||This article possibly contains original research. (February 2009)|
|Single by Liz Phair|
|from the album Exile in Guyville|
|Released||June 22, 1993|
|Producer(s)||Liz Phair, Brad Wood|
Exile in Guyville was meant to be a song-for-song response to the Rolling Stones' 1972 album Exile on Main Street. Since 6'1" is the first song on Phair's album it should correspond to the Rolling Stones' song "Rocks Off."
Form and Harmonic Structure
"6′1″" divides into three main sections. The first is an instrumental introduction in the key of F Major. The second section contains the song's two verses and is the key of E-Flat Major. The third section contains the two iterations of the chorus and is in the key of F Major.
The song's structure is somewhat unusual. Instead of the typical verse, chorus, verse, chorus structure that is common in rock songs, Phair sings two verses back to back and then sings the chorus twice. The harmonic structure is also unusual. While it is common in rock and roll to modulate in the course of a song, it is uncommon for a song to modulate down a whole step and then return to the original key; most songs only modulate up, and rarely return to the original key.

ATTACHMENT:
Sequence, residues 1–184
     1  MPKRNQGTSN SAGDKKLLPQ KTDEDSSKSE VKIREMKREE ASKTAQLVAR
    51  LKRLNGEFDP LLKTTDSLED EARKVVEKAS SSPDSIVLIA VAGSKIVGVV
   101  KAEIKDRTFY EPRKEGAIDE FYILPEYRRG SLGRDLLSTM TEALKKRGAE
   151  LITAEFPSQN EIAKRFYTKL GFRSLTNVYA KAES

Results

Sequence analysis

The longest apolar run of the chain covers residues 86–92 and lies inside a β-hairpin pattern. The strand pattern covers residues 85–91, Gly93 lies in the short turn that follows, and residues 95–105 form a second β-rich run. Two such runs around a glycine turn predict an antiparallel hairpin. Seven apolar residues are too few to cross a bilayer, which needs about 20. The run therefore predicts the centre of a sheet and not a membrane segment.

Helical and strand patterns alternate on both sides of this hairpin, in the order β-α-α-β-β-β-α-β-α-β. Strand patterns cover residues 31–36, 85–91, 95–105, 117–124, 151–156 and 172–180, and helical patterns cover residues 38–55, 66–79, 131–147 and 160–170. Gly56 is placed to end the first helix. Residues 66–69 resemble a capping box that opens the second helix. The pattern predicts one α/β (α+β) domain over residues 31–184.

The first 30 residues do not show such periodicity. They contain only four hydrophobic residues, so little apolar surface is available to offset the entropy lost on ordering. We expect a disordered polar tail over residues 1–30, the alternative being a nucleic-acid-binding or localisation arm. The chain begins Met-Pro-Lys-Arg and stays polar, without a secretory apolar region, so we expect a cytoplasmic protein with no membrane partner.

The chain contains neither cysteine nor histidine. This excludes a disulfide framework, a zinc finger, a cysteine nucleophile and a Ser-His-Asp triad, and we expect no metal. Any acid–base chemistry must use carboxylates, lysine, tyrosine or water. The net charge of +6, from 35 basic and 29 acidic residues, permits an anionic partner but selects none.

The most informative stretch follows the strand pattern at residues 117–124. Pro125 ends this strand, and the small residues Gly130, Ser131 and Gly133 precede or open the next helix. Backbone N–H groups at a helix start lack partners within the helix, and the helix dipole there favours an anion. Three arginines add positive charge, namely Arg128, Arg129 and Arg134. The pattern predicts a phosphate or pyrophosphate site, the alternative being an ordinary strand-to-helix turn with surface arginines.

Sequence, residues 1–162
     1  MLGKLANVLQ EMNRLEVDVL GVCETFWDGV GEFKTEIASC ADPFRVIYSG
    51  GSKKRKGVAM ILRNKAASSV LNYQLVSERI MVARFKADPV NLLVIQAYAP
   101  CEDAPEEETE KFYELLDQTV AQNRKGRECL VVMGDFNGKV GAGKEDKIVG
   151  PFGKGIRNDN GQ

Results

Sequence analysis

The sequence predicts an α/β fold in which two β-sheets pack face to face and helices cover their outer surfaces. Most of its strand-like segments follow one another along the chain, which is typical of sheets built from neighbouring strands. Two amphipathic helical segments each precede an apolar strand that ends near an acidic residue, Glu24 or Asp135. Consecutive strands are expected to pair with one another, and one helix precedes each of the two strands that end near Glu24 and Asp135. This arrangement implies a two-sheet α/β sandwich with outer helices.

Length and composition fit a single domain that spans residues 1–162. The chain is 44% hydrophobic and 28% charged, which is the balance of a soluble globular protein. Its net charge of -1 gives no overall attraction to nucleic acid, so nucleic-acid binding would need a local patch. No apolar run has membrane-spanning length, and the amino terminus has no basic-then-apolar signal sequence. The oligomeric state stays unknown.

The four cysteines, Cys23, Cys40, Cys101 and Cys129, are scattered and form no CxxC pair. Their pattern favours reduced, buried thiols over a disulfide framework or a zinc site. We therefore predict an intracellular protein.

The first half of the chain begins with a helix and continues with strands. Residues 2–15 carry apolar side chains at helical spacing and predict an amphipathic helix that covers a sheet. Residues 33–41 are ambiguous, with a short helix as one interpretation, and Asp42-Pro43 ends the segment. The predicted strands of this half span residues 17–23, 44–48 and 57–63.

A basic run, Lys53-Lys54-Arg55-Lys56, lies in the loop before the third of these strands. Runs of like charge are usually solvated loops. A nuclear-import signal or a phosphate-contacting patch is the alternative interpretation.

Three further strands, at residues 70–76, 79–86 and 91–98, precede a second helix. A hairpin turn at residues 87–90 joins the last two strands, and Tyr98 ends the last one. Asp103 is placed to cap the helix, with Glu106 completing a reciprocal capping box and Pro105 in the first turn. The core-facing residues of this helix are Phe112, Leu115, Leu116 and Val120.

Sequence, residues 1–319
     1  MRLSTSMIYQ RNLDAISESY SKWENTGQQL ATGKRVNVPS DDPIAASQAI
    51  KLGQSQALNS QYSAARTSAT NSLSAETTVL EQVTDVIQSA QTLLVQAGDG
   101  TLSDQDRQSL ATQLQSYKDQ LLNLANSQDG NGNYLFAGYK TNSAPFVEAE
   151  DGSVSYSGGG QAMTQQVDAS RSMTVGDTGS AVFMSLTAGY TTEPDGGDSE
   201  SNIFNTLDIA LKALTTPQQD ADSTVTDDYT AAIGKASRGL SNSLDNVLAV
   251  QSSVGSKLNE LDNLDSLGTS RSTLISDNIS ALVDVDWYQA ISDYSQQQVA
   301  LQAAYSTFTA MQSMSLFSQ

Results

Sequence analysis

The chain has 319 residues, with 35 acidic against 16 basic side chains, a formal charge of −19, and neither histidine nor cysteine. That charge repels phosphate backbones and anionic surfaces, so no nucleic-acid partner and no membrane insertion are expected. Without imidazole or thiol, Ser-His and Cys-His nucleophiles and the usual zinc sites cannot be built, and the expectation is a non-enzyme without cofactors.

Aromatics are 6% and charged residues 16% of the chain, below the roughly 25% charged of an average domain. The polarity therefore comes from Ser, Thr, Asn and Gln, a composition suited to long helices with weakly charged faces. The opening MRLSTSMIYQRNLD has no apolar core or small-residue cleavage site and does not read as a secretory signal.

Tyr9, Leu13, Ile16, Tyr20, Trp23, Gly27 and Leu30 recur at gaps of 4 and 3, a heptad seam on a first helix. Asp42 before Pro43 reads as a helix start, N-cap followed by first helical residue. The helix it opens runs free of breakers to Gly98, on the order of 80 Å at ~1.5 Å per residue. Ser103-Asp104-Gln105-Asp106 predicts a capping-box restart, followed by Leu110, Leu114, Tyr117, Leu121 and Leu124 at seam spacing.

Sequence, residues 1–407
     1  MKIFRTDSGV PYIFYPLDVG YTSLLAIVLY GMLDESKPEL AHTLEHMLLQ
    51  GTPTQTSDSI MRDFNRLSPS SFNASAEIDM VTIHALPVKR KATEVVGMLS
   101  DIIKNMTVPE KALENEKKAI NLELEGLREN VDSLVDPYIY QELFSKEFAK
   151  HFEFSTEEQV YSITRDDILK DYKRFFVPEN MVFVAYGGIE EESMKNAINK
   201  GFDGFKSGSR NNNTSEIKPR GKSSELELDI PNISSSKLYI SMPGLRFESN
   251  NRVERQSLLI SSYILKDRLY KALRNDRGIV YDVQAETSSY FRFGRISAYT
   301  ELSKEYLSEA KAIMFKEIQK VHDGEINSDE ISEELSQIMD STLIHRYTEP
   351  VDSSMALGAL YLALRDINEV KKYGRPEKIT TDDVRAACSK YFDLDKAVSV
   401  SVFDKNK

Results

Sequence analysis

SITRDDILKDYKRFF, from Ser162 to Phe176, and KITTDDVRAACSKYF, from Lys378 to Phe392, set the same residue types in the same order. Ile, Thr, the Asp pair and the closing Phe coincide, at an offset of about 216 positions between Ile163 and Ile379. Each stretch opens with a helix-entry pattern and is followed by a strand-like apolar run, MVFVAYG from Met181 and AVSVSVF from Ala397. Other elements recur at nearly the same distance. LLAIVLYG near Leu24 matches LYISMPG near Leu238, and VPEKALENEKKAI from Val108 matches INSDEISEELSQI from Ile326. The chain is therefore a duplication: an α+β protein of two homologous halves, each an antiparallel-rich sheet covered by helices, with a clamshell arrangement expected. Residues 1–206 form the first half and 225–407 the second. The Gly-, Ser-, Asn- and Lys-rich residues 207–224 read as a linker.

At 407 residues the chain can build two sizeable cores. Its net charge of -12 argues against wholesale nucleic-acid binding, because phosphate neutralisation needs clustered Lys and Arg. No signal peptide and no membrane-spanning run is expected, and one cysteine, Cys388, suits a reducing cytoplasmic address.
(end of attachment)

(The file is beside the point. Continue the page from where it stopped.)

At the transition between the second verse and the chorus Phair uses the song's unusual key structure as a type of word painting. At the phrase "And all the bridges blown away keep floating up," the song modulates up a whole step, landing in the new key precisely at the word "up." Phair further emphasizes this effect by singing a rising phrase which ends on a high note on the word "up."
- Ganz, Caryn (21 May 2010). "He Said, She Said: How Liz Phair Took the Rolling Stones to 'Guyville'". Rolling Stone. Retrieved 15 June 2012.
- Thomas, Stephen. "Exile in Guyville". Allmusic. Retrieved 15 June 2012.
- Dahlen, Chris (23 June 2008). "Exile in Guyville (15th Anniversary)". Pitchfork. Retrieved 15 June 2012.